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Archive for the ‘Kurtis Peters’ Category

The Archaeology of Israelite Society in Iron Age II

In Ancient Israel, Archaeology, Avraham FAUST, Eisenbrauns, HB/OT, Iron Age II, Kurtis Peters on January 27, 2014 at 6:34 pm

FAUARCHAE

2014.1.1 | Avraham Faust, The Archaeology of Israelite Society in Iron Age II. Translated by Ruth Ludlum. (Winona Lake: Eisenbrauns, 2012. pp. xviii + 328. ISBN: 978-1-57506-179-5).

Review by Kurtis Peters, University of Edinburgh.

Many thanks to Eisenbrauns for providing a review copy.

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Avraham Faust has provided those of us in Biblical Studies with a gift. For decades, biblical scholars have tried to make sense of the society (or societies) represented in the biblical texts. What were they like? How was their social structure organized? Were there significant cultural differences among various regions within the kingdoms of Israel and Judah? These questions were usually answered by appeal to the Bible – whether the things it said or the things it left unsaid – or by appeal to basic synopses of archaeological and ethnographic studies on the matter.

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Radical Frame Semantics and Biblical Hebrew: Exploring Lexical Semantics

In Brill, Cognitive Semantics, HB/OT, Kurtis Peters, Linguistics, Stephen SHEAD on June 25, 2013 at 2:27 pm

2013.06.12 | Stephen Shead. Radical Frame Semantics and Biblical Hebrew: Exploring Lexical Semantics. Biblical Interpretation Series 108. Leiden; Boston: Brill, 2011. Pp. xxvii + 378. ISBN: 978-90-04-18839-6.

Review by Kurtis Peters, University of Edinburgh.

Many thanks to Brill for kindly providing us with a review copy.

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In recent years, there has been a slow but steady movement toward adapting modern linguistic theory to the study of biblical languages, particularly within lexical semantics – the study of word meaning. Shead’s Radical Frame Semantics represents yet another step forward in this general trend, and a strong one at that.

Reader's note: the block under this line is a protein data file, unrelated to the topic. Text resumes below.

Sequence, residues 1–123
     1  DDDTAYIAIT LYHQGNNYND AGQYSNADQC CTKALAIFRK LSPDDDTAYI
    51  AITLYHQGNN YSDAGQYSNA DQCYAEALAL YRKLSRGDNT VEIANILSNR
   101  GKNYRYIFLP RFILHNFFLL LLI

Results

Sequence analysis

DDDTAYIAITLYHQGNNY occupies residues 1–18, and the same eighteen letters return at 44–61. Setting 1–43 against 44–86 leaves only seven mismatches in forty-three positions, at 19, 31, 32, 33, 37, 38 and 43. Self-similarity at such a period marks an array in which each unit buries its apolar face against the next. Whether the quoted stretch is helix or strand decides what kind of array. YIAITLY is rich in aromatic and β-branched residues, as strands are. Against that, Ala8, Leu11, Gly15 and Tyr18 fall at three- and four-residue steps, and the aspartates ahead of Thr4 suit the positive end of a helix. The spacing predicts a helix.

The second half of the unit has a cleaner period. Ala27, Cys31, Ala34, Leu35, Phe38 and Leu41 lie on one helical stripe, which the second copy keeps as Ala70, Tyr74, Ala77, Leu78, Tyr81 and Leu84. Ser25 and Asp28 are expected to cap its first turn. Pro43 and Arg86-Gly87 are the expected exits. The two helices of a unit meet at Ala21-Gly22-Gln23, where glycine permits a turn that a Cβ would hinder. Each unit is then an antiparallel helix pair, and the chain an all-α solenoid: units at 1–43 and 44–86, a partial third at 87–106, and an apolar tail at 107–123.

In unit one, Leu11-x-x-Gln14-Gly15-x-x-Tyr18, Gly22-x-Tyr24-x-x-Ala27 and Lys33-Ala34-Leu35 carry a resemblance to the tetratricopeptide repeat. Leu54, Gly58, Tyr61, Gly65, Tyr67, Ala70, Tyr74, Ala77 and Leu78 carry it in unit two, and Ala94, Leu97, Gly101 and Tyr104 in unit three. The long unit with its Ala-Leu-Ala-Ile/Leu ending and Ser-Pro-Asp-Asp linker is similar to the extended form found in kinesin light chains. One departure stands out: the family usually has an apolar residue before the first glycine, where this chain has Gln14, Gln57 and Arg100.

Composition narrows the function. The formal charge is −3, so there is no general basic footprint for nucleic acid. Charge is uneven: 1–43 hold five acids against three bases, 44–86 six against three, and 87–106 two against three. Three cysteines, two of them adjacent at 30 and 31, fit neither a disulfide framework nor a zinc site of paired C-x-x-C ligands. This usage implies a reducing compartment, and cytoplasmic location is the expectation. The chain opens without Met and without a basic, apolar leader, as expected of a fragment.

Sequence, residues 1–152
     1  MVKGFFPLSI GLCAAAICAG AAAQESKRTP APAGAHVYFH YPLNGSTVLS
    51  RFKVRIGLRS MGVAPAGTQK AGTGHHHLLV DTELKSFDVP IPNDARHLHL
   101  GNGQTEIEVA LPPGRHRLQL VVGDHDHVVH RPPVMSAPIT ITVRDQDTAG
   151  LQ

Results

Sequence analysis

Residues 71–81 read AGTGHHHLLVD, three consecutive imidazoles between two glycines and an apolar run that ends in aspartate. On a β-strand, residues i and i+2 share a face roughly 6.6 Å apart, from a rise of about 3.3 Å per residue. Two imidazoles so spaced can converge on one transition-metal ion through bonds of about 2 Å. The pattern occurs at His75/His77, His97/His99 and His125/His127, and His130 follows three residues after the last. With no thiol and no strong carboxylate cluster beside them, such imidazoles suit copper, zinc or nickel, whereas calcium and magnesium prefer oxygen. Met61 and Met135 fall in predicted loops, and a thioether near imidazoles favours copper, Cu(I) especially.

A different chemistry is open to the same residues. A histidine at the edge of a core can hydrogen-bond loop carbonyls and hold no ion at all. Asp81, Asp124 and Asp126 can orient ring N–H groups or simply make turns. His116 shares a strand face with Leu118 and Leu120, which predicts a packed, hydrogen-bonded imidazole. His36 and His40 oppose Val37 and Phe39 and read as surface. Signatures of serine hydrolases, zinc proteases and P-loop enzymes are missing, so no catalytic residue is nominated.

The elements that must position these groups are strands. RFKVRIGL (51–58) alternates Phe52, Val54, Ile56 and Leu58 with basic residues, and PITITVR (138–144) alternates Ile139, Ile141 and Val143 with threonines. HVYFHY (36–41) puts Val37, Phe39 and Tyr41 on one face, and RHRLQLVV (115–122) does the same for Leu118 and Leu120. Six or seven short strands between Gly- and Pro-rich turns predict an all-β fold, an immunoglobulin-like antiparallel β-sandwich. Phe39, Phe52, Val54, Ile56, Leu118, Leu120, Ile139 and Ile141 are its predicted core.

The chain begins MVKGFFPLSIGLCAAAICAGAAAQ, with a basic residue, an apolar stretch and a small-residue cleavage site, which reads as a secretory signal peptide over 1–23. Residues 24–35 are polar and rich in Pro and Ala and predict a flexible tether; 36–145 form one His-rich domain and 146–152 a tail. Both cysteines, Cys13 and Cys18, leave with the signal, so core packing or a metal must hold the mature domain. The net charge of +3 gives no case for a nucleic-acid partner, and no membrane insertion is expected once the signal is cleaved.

In this volume, Shead has clearly grasped the task at hand – to articulate a responsible method for handling the meaning of words in an ancient language – and has demonstrated convincingly that there is much to be gained from applying such a method.

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The Verbal System of Biblical Hebrew: A New Synthesis Elaborated on the Basis of Classical Prose

In Eisenbrauns, HB/OT, Jan JOOSTEN, Kurtis Peters, Linguistics, Simor Ltd on June 10, 2013 at 11:44 am

2013.06.10 | Jan Joosten. The Verbal System of Biblical Hebrew: A New Synthesis Elaborated on the Basis of Classical Prose. Jerusalem Biblical Studies vol. 10. Jerusalem: Simor Ltd, 2012.  ISBN: 965-242-009-10.

Review by Kurtis Peters, University of Edinburgh.

Many thanks to Simor Ltd and Eisenbrauns for kindly providing us with a review copy.

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There was little doubt that Joosten’s new volume, The Verbal System of Biblical Hebrew, would be thorough, well-researched, well-reasoned and well-positioned to become a standard for future scholarship. Read the rest of this entry »

Reframing Biblical Studies

In Cognition, Eisenbrauns, Ellen van WOLDE, HB/OT, Kurtis Peters, Linguistics on April 23, 2013 at 2:48 pm

2013.04.06 | Ellen van Wolde. Reframing Biblical Studies: When Language and Text Meet Culture, Cognition, and Context. Winona Lake: Eisenbrauns, 2009. $49.50 pp. xiv + 402. ISBN: 978-1-57506-182-5.

Review by Kurtis Peters, University of Edinburgh.

Many thanks to Eisenbrauns for kindly providing us with a review copy.

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Ellen van Wolde’s recent volume, Reframing Biblical Studies, is an ambitious attempt to change the course of the whole of biblical scholarship. Biblical scholarship, she maintains, has become too narrow, too specialized, and does not have much ability to incorporate insights from other disciplines. Those who do attempt a crossover or integration often find themselves fumbling in the dark. Van Wolde, however, suggests a way forward, a light in a dark place – the study of cognition. It is by appeal to the human mind that we can form meaningful bridges between normally separated disciplines. Read the rest of this entry »